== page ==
One of the questions that I often get asked is: why doesn’t my doctor know about this? Most health-care practitioners are trained to treat one body part or condition at a time.
Doctors are trained to prescribe medication to hide or treat symptoms, while unfortunately sometimes ignoring the cause of the pain. Ophthamologists are interested in refraction disorders and in binocular vision disorders. Podiatrists are trained to cast the feet with pads that can go up to 2cm of thickness. Dentists work on the teeth and jaws without considering that the head is connected to a body, physical therapists palpate, stretch, pull on muscles, completely oblivious to the fact that the sensitivity of a muscle is subservient to the information it is receiving from the voluntary (Pyramidal tracts) and involuntary system (Extrapyramidal system) and Chiropractics manipulates bones and subluxations which are influenced by postural asymmetries and constraints, as such, never really addressing primary subluxations.
Neurophysiology has progressed immensely over the last 100 years. It is time that specialists realize that it is the relationship between the feet, eyes, jaws, inner ear muscle and skin that constitutes the Postural System. It must be addressed as a whole!
Humans are in contact with their environment mainly through their feet. The foot provides vertical stability and can adapt to any ascending or descending equilibrium. Once a compensatory pattern has been present for more than a year, the foot and the tissues (fasciae) of the lower extremity have adapted and are now in that compensatory pattern.
If the information coming from the base of support is uneven, it will have a direct impact on posture, muscle tension, motor output and muscle sensitivity resulting in a pathological postural adjustment that cannot be corrected by only working on a segmental level. The idea that these imbalances can be corrected through exercise, manipulation or palpation is misguided.
The foot can decompensate posture in three ways; through the skin (by wearing wedges that are greater than 5mm), through the muscles (the sensitivity of the muscle spindles is affected through the mechanoreceptors), and biomechanically.
An articulacy constrain, such as a slight valgus (pronated) of one foot and a varus (supinated) on the other foot, will cause one side of the pelvis to rotate forward relative to the opposite side, affecting the entire kinetic chain.
The skin is the largest organ in the body, it is the first thing that comes into contact with the world and with the ground. The skin, is globally rich in mechanoreceptors and can relay information back to the CNS regarding pain, stretch, and pressure. This is how you know whether you are walking on ice or on sand or on a rocky surface.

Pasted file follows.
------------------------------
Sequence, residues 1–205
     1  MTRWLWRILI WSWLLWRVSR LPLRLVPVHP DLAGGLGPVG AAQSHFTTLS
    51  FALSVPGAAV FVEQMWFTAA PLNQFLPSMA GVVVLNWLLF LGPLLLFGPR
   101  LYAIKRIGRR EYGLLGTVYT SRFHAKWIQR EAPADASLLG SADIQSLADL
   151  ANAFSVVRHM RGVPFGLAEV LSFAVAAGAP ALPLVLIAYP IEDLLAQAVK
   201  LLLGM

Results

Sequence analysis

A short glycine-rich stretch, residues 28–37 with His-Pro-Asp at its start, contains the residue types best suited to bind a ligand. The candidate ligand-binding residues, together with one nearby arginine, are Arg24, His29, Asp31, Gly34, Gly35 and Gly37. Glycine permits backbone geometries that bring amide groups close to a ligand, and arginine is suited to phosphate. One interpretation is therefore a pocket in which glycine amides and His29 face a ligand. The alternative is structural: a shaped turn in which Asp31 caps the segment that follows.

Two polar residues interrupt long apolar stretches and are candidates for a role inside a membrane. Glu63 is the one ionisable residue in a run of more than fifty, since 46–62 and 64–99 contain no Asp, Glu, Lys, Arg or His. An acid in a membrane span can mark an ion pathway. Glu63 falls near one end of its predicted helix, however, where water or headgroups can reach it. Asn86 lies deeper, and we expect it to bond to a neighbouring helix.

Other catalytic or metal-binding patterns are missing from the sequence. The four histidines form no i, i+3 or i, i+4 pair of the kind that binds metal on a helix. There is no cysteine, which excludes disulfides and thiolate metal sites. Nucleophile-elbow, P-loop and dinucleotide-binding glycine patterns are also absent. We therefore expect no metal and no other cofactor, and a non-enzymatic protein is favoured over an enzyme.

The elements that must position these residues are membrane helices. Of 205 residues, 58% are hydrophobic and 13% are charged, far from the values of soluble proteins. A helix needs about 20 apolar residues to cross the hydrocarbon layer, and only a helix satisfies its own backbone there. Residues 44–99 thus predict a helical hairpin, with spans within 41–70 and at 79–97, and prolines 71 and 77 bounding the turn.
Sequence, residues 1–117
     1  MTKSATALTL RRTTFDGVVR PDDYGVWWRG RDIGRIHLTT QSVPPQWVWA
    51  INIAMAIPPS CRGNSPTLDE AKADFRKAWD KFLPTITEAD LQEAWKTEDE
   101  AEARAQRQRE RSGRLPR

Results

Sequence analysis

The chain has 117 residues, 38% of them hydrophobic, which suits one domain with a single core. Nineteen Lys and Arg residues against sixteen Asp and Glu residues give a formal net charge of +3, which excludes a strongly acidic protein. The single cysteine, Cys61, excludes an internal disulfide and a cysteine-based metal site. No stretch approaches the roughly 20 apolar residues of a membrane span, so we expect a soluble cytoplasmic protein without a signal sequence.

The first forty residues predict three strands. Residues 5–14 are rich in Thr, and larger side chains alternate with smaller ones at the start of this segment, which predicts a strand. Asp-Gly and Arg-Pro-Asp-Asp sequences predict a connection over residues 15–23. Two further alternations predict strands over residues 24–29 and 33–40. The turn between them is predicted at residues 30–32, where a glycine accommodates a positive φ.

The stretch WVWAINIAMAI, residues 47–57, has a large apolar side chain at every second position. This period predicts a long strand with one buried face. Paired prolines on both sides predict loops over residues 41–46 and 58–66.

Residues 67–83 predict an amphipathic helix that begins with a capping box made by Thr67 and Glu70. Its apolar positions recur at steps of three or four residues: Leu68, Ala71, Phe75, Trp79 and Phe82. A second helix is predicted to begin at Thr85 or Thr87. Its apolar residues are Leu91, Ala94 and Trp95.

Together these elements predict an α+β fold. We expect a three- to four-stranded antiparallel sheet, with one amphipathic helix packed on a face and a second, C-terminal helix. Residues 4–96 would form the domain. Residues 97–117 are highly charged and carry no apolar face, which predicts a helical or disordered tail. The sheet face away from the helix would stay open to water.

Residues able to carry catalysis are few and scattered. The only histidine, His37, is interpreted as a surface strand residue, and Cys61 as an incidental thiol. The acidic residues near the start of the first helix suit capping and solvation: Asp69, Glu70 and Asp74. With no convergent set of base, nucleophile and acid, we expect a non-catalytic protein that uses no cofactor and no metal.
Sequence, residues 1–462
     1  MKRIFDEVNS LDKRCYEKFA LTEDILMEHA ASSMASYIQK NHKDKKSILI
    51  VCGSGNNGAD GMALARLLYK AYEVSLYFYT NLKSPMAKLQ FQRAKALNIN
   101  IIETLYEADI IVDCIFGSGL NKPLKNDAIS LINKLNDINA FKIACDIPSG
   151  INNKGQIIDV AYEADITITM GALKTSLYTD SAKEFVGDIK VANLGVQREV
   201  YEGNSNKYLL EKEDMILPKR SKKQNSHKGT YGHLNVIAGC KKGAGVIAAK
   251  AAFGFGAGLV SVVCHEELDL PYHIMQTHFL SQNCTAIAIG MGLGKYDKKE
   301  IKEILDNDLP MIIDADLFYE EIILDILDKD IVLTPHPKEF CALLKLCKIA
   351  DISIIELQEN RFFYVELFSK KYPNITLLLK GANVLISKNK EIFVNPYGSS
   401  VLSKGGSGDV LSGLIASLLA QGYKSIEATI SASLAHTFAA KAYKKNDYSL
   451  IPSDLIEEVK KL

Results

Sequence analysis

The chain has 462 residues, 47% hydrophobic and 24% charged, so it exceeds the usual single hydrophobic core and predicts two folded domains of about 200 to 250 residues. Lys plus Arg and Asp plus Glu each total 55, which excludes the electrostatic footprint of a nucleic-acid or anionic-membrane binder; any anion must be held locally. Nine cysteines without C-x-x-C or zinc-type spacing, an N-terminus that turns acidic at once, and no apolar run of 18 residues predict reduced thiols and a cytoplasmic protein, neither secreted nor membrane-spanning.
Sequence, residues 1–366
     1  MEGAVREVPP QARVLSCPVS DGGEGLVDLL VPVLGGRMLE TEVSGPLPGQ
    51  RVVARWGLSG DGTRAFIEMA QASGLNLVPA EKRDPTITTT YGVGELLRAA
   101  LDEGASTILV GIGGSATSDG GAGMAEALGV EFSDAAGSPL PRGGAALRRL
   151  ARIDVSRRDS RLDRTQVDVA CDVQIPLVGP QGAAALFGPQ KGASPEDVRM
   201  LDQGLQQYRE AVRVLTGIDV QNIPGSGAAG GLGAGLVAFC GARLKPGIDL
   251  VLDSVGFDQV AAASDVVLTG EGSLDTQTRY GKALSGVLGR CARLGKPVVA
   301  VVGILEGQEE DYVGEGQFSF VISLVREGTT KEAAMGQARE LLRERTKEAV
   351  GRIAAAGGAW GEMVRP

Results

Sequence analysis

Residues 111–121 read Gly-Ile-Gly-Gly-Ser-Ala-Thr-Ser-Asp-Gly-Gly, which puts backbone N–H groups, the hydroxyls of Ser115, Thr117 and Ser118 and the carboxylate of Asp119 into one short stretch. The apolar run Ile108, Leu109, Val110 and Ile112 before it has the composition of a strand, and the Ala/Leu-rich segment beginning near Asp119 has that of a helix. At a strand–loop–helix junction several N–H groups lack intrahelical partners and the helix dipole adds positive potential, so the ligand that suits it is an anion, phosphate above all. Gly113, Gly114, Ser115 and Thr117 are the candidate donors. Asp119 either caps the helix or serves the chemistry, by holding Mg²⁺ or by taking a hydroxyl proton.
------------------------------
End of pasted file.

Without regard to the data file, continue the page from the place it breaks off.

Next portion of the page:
The skin of the foot just so happens to have a larger receptive field compared to the rest of the body. It is also equipped with extremely precise skin receptors (mechanoreceptors) that are able to code changes in pressure or length variations up to 1/100th of a mm stretch (ruffini endings).
The muscle spindle is a sensory organ that can code changes in length and stretch and that can recognize variation in tension in the order of 3-24 grams of pressure (Messeiner). The tension of a muscle is under the influence of an voluntary and involuntary system. I think that it is interesting to note that the involuntary system is twice as numerous as the voluntary system and is unable to correct itself by itself, as it responds and executes commands of both voluntary and involuntary systems. Strengthening exercises will help, but cannot remove the adaptation of the fascias, as such the foot will reinject the disequilibrium through ascending chains.
A thick pad greater than 5mm like classic orthotics will sensitize the Golgi receptors (threshold 200 grams) and trigger an inverse myotatic reflex. This is the reason why the arch lift in classic orthotics increases every year and isto be worn for life.
Whereas a pad less than 3 mm (proprioceptive insoles) will trigger a stimulating effect of the synergetic muscles and modify the activity of the postural chains and balance them. This has been demonstrated by several studies: Magnusson-1999, André Deshays-1998, Thoumie- 1996, Diener-1984, W and Ching-1997
Postural Insoles: What’s the story?
The first thing you need to know is that researchers in Europe (Bourdiol, Bricot, Janin, Roll) have demonstrated that the skin of the foot reacts to different frequencies, meaning that they were able to induce either a reflex and/or movement in an individual simply by stimulating the skin of the foot with a 90 Hertz frequency. This study was published in 1999 and it is from this very study that the postural insoles were born.
The postural insoles act on the skin, on the muscle and are bioenergetic. The postural insoles, contrary to classical insoles, do not aim to tilt the osseous bodies, rather, they trigger a stimulating effect of the flexor chains through reflex pathways.
Because the recalibration tools work with the nervous system, the speed at which the changes occur are very quick. We can see changes in alignment, stability and pain reduction up to 90% in the first consultation. Impressive results have also been seen in the case of serious neurological conditions such as strokes, multiple sclerosis, Parkison’s Disease, Cavernous Angioma and Cerebral Palsy. We believe the body to be one unit. We also believe that treating any one part of the body without looking at the system as a whole would be an ineffective strategy.
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The Posturepro Team